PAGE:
Last year, as the battle over the Ivory Coast's presidency raged in Abidjan's streets, Aboudia locked himself in his studio and painted images of mangled bodies, ghostly soldiers and child coffins.
The 28-year-old painter has risen to fame on the global art scene with his raw depictions of the 10-day battle for Abidjan, the climax of the post-election power struggle between presidential rivals Alassane Ouattara and Laurent Gbagbo.
Some 3,000 people died in the post-poll violence from December 2010 to April 2011, which ended with the battle for the control of Abidjan, the west African nation's economic heart and main city.
Aboudia -- who prefers to use only one name -- rendered the events in chaotic paintings of torture victims, terrorised civilians crying for help and tanks of UN soldiers being attacked by a mob.
"I just had to grab my brush and write the history as it happened," he told AFP.
His canvasses are striking for their size -- some are as big as two metres (yards) by four -- their grimy rainbow of colours and for their wild, almost childlike technique.
The work contrasts sharply with its artist's calm, relaxed disposition.
Sitting on an empty can of paint in his studio in Abidjan's chic Cocody neighbourhood, one of those caught up in the fighting, Aboudia spoke of growing up in a modest family in the eastern city of Abengourou and coming to Abidjan for art school.
"People told me, 'What are you doing? This stuff is no good, we can't sell it, we can't exhibit it,'" he said, as his pet rabbit hopped about amid the furious output of sketches, drawings and paintings covering his studio.
Over time, he developed what he calls "nouchi" painting, named for the French argot spoken in Abidjan's poorer neighbourhoods.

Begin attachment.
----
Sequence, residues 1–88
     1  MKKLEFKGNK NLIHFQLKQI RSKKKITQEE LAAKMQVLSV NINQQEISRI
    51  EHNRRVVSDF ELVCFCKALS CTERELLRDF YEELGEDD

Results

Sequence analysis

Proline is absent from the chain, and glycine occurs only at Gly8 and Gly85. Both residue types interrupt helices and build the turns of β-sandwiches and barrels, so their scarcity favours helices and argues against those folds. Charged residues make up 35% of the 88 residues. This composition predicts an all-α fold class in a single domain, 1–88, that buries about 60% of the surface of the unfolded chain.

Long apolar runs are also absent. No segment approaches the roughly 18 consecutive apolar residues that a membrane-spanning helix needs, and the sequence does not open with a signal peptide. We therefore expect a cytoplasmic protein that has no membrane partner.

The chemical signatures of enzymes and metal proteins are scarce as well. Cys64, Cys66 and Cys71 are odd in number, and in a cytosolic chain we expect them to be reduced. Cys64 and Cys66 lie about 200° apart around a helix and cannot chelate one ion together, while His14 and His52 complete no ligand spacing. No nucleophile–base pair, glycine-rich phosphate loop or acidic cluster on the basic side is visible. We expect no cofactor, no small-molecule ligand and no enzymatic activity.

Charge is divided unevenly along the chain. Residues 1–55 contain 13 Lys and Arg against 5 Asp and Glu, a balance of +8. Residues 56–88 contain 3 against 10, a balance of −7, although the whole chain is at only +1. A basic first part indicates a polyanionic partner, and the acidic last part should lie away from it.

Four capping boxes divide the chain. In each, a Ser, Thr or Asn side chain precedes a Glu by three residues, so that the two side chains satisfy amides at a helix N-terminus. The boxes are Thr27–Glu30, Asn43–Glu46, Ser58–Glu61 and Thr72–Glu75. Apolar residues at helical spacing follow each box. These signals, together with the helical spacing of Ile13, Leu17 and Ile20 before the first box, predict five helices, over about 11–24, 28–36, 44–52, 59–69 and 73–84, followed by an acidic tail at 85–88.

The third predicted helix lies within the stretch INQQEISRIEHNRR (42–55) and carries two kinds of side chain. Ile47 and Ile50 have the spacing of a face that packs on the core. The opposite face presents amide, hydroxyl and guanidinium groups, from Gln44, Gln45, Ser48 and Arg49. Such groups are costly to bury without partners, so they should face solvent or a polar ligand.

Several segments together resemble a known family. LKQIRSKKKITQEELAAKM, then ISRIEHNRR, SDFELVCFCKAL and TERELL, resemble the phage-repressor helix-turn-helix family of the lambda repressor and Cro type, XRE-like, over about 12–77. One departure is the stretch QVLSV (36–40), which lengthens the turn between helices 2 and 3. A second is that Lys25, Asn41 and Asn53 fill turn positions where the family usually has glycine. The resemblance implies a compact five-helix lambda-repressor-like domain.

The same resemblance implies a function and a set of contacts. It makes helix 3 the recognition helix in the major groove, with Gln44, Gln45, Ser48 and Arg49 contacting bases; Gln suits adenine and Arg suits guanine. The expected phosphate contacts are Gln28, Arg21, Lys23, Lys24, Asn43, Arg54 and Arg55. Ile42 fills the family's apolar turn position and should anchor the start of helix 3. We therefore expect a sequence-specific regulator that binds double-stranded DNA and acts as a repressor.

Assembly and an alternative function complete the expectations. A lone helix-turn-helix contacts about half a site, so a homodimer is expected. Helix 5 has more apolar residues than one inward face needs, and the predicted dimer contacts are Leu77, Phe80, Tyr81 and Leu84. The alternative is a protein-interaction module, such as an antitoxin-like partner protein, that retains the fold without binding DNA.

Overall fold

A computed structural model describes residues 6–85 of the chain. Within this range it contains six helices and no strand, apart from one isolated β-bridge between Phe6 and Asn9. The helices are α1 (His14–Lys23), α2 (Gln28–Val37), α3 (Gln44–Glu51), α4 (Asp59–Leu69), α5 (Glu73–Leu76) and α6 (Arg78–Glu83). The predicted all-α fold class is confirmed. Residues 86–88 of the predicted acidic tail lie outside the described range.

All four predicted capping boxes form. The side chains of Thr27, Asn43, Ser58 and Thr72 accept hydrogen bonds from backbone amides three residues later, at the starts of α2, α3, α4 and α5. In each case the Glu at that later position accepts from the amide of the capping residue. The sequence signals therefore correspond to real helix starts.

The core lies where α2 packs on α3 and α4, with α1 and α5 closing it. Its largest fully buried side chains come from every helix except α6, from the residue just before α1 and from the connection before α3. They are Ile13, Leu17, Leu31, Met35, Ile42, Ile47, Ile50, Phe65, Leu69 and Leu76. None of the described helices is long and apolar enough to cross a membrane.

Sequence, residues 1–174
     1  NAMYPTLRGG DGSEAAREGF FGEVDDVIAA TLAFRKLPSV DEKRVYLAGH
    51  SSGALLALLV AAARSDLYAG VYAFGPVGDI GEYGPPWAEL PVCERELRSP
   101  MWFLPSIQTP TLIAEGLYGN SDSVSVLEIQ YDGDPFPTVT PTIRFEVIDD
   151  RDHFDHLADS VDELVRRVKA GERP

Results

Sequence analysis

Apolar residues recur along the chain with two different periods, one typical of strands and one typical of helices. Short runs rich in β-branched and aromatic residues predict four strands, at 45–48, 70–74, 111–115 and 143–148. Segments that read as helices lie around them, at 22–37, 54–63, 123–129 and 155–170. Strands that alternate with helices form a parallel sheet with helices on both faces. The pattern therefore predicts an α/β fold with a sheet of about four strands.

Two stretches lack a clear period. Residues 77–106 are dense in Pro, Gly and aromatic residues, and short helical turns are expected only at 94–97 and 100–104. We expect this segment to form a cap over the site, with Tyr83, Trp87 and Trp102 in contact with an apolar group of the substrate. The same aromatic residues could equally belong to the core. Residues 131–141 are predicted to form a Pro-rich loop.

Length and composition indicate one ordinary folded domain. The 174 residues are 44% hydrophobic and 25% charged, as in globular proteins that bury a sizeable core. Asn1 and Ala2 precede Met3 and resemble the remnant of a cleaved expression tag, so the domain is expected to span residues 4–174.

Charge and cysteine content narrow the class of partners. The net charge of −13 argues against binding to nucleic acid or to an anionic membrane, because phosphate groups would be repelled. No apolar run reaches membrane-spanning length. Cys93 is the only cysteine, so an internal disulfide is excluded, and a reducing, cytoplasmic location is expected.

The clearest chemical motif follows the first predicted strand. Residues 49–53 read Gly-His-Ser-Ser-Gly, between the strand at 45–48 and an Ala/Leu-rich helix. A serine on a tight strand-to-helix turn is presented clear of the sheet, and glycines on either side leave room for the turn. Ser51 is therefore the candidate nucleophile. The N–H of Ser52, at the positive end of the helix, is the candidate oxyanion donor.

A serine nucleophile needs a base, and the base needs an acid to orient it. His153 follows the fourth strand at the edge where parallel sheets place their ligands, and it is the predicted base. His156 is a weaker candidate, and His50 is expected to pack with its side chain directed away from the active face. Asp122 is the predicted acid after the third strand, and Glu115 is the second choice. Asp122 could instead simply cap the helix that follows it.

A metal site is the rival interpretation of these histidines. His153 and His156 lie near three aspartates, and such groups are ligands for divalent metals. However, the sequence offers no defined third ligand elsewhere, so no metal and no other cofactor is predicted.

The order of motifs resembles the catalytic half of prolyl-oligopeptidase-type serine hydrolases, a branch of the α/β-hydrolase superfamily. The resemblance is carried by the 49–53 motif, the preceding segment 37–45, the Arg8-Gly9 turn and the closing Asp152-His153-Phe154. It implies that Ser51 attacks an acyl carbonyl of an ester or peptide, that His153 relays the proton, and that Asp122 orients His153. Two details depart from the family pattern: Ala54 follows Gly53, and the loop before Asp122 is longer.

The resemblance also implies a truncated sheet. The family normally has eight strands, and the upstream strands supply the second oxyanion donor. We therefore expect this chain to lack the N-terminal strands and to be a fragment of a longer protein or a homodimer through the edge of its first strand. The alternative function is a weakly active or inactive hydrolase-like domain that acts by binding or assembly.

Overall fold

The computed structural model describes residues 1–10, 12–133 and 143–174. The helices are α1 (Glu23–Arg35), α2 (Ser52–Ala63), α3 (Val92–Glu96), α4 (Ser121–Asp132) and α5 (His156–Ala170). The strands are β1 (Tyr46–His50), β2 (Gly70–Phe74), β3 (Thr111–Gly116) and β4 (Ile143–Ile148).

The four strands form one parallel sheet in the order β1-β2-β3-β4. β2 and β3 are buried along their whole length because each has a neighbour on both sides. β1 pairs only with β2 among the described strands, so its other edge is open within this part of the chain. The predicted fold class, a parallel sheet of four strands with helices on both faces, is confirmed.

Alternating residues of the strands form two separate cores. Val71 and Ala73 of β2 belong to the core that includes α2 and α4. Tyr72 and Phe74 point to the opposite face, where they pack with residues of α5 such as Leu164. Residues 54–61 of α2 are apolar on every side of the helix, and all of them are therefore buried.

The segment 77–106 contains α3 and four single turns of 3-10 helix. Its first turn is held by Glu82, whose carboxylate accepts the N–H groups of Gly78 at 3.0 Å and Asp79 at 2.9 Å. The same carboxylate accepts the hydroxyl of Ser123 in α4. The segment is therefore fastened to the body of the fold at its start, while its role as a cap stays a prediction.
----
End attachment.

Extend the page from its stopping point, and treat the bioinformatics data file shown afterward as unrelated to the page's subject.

His work echoes the graffiti splashed across the bustling seaside port city of five million people.
"My influences, they're in the street. On the walls in neighbourhoods like Treichville, Abobo, Adjame," he said, referring to teeming working-class areas.
"You can see what the kids are drawing to express their rage, or their plans, their dreams."
Aboudia had his first show in Abidjan in 2007. Things moved quickly for him from there, said Yacouba Konate, an art critic who was among the first to herald his work.
"It happened in a flash, everybody loved it, they were pushing all around him to get close," said Konate, an art critic who was among the first to herald Aboudia's work.
But it was the giant paintings of the battle of Abidjan that got the attention of European and American galleries.
In the year since, he has had a solo show at London's Jack Bell Gallery, sold four works to the prestigious Saatchi Gallery, sent paintings on world tour and bounced from New York to South Africa to Sweden.
"He's going to be a great name in African painting in the years to come," said his German agent, Stefan Meisel.
Aboudia's work has drawn inevitable comparisons to Jean-Michel Basquiat. Like the New York prodigy, who died in 1988 at the age of 27, his paintings are violent and political and reference the urban medium of graffiti.
But he insists that fundamentally his work has "nothing to do" with Basquiat's.
Konate said Aboudia's is "an urban style of painting that shows Abidjan as revealed by its basically dodgy neighbourhoods."
"He's a painter who's tuned in to his time," he said.